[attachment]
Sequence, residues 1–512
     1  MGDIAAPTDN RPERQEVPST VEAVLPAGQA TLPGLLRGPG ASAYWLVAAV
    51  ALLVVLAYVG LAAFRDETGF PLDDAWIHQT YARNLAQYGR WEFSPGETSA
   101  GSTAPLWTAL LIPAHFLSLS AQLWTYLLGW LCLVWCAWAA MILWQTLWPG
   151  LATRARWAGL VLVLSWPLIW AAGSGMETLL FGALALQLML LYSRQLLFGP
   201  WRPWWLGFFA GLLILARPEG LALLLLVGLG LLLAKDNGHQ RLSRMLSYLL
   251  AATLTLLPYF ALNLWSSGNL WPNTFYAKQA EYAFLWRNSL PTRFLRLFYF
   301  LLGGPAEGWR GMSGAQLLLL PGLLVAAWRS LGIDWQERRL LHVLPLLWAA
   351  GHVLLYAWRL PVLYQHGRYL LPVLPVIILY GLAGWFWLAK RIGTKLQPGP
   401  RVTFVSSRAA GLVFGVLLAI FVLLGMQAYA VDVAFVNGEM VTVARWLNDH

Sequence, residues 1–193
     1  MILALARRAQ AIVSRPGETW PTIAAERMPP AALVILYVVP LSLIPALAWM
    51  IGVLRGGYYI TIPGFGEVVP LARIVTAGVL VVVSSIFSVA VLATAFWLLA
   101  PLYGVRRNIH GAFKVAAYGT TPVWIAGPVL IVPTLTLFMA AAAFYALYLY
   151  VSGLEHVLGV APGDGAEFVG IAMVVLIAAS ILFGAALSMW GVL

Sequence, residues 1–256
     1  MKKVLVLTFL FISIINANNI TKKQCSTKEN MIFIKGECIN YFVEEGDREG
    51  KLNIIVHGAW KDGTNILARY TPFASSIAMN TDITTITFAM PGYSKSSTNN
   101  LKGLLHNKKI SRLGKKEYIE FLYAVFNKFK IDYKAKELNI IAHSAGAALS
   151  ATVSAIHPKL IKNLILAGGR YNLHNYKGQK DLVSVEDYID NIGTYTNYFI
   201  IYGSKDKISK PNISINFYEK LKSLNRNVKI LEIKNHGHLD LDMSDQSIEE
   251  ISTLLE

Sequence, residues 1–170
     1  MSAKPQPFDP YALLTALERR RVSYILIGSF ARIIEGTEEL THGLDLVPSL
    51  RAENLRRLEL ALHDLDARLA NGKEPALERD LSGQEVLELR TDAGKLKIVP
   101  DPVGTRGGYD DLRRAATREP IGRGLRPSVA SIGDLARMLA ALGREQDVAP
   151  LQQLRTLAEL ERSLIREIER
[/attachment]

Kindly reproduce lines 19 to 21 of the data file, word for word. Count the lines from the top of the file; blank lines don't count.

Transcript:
   101  LKGLLHNKKI SRLGKKEYIE FLYAVFNKFK IDYKAKELNI IAHSAGAALS
   151  ATVSAIHPKL IKNLILAGGR YNLHNYKGQK DLVSVEDYID NIGTYTNYFI
   201  IYGSKDKISK PNISINFYEK LKSLNRNVKI LEIKNHGHLD LDMSDQSIEE